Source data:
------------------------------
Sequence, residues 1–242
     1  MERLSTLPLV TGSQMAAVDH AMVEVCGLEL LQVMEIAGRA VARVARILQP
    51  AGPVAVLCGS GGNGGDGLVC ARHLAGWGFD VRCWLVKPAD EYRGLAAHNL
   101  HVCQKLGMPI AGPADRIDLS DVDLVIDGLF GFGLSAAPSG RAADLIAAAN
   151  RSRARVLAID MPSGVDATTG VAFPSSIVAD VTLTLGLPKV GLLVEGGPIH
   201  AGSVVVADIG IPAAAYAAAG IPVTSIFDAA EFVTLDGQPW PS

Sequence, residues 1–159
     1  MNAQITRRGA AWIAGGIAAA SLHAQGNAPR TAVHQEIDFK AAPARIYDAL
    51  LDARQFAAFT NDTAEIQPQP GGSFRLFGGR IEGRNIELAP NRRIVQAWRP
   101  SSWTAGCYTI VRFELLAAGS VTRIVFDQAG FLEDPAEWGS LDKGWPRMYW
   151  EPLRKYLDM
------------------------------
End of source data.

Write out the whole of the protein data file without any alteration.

Sequence, residues 1–242
     1  MERLSTLPLV TGSQMAAVDH AMVEVCGLEL LQVMEIAGRA VARVARILQP
    51  AGPVAVLCGS GGNGGDGLVC ARHLAGWGFD VRCWLVKPAD EYRGLAAHNL
   101  HVCQKLGMPI AGPADRIDLS DVDLVIDGLF GFGLSAAPSG RAADLIAAAN
   151  RSRARVLAID MPSGVDATTG VAFPSSIVAD VTLTLGLPKV GLLVEGGPIH
   201  AGSVVVADIG IPAAAYAAAG IPVTSIFDAA EFVTLDGQPW PS

Sequence, residues 1–159
     1  MNAQITRRGA AWIAGGIAAA SLHAQGNAPR TAVHQEIDFK AAPARIYDAL
    51  LDARQFAAFT NDTAEIQPQP GGSFRLFGGR IEGRNIELAP NRRIVQAWRP
   101  SSWTAGCYTI VRFELLAAGS VTRIVFDQAG FLEDPAEWGS LDKGWPRMYW
   151  EPLRKYLDM